Poem by Amy G. Dala

A poem

They say you can’t be in two places at once … 

but, here I am, in this poem, narrating, coexisting with my half-witted, half-hung-over self, writing in half-baked-prose, wholly-cogitating over the clogged sink, woefully ruminating, thick as I think, imitating a mind, and lips, moving in sync,

Im alright, mate.

Liar. This is your internal voice, manifested, who’re you tryna kid, kid?

You’re barely opening up, from the eyelid.
You’re not some battle hardened warrior.
You’ll let down your guard like a lead balloon.

Dropping armour, and shield, you’re jelly in a pot. Jiggle jiggle.

I could tear you in half with a spoon.

Why we don’t rhyme much anymore,
no one knows,

when did we forfeit rhyme,
for half-price prose?
It’s a giveaway.

Im only human.

Did I just giveaway the plot?
Or, did I lose it …

I can be anything here;
wise, beyond my facility,
inflating my own sense of ability
- I do fear.

Can you confirm my sanity?
Im stuck in a feedback loop,
attending to the fermentation,
of novel ideas,
confirming the bias,
refracting the spheres,
bending the sourdough,
oozing out of my ears,
into little wreathes,
ready for the oven.

The words have risen, they must be removed before they burn.
Yet, they must crisp a little longer, if I wish to learn …

eat up, masticate, and churn …

grow and develop.

Oh, the irony, finally, I see.
Open me up, an autopsy.
With me, alive,
screaming and flailing,
all the little gingerbread men,
come marching out,
entrails trailing,
spilling truths, from within,
fresh off the pan

… can’t stand the heat of the kitchen.

It’s near time to sling my backpack,
and, up and fly to Japan. Non-fiction.

Sayonara, blood-suckers.

Running through neon streets
with my stomach stitched,
laughing deliriously.

How did I get here?

Now, let’s see …
let’s see you try and live,
without the host.
No more intrusive thoughts,
just butter and toast. Staples.

They love robots.

These emotions do not compute.
Troubleshoot. Troubleshoot. Trouble, shoot, shoot, shoot.
We need to hit reset - reboot.


Wake up.
One sleep hasn’t cured you.

Who’re you kidding, kid,
you just can’t shake em’, can you?
Stress, anxiety, fear, nervous energies,
self deprecating tendencies,
all crazy, up in yo headspace
- Robin your content,
and, his band of merry fuckin’ men
following behind,
singing until they’re blue in the face.


© Darius the Mate 10-01-2022

Written for Shay’s Word Garden.

Wordplay Pathway https://nicecissist.blog

16 thoughts on “Poem by Amy G. Dala

  1. that is an awesome title, and a great argument between two minds, but how do break a stalemate? i guess that would be the “i” of the two combined. in 13 ways of looking at a blackbird, wallace stevens said “i was of three minds, like a tree, in which there are three blackbirds” great poem darius, lots of good sounds too, enjoyed this very much

    Liked by 1 person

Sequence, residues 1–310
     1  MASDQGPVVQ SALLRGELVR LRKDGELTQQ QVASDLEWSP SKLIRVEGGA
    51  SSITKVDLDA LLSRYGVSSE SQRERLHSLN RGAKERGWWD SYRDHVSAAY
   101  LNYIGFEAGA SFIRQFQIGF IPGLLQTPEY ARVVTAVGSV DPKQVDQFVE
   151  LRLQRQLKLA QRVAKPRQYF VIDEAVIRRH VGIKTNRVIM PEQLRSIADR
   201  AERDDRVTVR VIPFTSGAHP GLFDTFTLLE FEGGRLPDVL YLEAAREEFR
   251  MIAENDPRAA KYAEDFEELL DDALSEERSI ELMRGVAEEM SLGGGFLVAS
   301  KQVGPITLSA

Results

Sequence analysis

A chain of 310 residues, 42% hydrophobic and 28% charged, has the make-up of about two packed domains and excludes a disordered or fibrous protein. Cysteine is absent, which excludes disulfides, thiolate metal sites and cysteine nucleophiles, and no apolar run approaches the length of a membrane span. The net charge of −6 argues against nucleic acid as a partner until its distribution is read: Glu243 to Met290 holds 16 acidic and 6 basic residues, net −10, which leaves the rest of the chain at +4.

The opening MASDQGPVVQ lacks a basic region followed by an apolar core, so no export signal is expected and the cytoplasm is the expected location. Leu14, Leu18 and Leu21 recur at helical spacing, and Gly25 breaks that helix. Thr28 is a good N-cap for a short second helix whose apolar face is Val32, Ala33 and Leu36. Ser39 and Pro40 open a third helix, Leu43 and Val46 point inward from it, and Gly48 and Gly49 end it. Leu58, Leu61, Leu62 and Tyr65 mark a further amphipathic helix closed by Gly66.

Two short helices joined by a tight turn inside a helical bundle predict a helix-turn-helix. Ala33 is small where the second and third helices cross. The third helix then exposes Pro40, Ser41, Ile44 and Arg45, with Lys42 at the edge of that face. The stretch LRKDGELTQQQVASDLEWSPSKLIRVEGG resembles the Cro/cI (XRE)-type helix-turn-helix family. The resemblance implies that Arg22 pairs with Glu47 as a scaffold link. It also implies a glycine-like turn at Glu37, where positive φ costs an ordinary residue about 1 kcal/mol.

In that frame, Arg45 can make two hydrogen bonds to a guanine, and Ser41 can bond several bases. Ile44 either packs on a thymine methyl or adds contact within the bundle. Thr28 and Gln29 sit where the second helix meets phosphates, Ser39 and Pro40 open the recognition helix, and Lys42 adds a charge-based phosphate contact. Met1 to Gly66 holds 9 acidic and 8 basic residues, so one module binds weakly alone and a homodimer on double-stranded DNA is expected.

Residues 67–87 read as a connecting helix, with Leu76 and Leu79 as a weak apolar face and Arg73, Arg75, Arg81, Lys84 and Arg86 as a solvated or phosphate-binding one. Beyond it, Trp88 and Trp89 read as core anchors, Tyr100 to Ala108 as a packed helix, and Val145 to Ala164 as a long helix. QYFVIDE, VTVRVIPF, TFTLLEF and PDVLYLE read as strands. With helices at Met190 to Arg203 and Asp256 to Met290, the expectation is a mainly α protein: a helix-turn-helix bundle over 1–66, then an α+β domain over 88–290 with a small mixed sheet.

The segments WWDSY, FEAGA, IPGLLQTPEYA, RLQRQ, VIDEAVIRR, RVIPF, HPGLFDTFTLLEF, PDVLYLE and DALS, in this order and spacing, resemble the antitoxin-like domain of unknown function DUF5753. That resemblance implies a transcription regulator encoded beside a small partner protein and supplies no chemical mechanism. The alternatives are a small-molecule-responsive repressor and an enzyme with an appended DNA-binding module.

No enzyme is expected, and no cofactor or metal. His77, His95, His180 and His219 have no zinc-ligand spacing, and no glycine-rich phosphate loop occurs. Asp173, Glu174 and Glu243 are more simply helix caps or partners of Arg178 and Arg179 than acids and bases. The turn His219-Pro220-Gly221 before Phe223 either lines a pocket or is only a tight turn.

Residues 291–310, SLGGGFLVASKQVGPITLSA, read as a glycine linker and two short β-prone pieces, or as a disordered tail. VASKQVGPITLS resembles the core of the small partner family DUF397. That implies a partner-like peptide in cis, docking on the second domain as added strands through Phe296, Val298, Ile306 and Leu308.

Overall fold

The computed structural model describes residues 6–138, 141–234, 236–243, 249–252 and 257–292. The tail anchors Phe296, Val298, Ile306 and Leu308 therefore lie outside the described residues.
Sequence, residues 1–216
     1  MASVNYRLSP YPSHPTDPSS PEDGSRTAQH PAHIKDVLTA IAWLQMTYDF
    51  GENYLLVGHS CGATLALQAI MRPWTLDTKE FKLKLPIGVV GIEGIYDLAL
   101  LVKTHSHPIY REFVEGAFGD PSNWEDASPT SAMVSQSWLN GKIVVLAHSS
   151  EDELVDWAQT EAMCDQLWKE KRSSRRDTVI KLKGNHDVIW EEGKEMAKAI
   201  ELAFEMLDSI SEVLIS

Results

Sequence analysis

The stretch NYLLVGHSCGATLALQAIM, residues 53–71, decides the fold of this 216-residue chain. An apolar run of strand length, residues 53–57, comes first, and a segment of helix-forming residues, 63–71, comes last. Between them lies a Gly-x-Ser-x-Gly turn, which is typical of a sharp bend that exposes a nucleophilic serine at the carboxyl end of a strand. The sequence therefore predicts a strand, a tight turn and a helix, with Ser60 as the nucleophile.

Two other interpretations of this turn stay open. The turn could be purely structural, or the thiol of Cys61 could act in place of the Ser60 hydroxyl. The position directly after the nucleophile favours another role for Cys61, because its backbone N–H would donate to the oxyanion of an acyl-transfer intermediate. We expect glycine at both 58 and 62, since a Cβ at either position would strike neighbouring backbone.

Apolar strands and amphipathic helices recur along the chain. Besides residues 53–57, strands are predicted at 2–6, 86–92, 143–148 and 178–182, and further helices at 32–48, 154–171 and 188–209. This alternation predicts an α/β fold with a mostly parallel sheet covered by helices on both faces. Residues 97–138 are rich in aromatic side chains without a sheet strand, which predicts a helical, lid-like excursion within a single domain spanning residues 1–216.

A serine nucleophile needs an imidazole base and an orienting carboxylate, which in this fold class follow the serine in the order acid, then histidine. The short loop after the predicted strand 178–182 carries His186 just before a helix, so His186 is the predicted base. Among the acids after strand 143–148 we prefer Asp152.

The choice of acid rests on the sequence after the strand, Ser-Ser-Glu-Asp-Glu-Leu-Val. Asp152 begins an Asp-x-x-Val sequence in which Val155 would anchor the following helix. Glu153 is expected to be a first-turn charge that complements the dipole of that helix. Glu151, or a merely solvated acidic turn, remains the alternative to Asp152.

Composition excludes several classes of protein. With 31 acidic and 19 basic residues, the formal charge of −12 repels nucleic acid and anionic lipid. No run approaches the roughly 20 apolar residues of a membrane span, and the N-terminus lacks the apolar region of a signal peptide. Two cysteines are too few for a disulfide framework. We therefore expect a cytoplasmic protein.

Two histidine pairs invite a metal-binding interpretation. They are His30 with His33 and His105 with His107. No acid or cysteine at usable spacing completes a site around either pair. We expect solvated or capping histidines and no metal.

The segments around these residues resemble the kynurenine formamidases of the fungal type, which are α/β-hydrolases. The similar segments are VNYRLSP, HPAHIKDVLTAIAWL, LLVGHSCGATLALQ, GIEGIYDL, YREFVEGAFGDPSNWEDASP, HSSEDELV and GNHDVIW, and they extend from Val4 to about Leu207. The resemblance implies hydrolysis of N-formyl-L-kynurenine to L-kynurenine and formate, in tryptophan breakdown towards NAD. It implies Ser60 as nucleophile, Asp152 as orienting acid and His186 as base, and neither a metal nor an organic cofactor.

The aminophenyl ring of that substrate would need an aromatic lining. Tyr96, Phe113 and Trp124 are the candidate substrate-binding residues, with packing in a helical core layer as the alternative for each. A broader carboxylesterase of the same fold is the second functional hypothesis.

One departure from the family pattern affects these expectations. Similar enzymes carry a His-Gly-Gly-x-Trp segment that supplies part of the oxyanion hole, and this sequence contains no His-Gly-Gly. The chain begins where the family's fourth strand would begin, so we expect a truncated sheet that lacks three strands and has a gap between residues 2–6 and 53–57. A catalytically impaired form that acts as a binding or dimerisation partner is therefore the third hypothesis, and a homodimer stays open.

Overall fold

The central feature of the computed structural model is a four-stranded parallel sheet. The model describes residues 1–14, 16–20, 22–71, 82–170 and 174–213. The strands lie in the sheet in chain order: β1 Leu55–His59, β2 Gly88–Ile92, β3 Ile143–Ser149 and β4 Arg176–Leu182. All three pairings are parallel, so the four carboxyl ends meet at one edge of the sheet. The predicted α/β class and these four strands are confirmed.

1. I just read ‘13 ways of looking at a blackbirds” – I wasn’t familiar, though, now I am – it reminds me of a series of Haikus, each individual. My mind must be full of blackbirds.

      Thank you for the comment, Phillip.


  2. Amy G. Dala, ahhh the memories, but she’s so emotional. Very clever, once i got that, about mid-poem, I started grinning. There is a reason why button-down minds don’t come up with poetry, or if they do, it dull—it takes a little dose of madness to do this. I was just watching YT videos last night about my man Federico Garcia Lorca. I was saddened to learn that he suffered from serious emotional issues all his life, but oh my, the dazzling, amazing poems!

    The spoon and the vivisection here were gory and gross but also my favorite parts. That’s a little alarming. They say that the thing a person hides is the source of their strength. True? I’m not sure, but this makes me wonder anew.

    Liked by 2 people

    1. “They say that the thing a person hides is the source of their strength. True?”

      I’m not sure, either. Maybe, an element of propulsion … maybe, the greatest of weaknesses, are harnessed into the greatest of strengths. The wildness of anxiety, focused through the pen – perhaps it’s true. I just wish we got to choose our madnesses. I may have chosen differently. One can wish.
      Wishing into the wind is one thing – though I feel much more useful writing poems.

      Thank you, Shay. I particular enjoyed the words this week. I could have incorporated more, for the love of them, though not out of necessity. Perhaps I’ll write a second poem.

      Liked by 2 people

  3. your word play is clever, intoxicating and a joy to read. Almost like chasing butterflies as I read along the lines – so much to like
    “you’re jelly in a pot. Jiggle jiggle.

    I could tear you in half with a spoon. “

    Liked by 1 person

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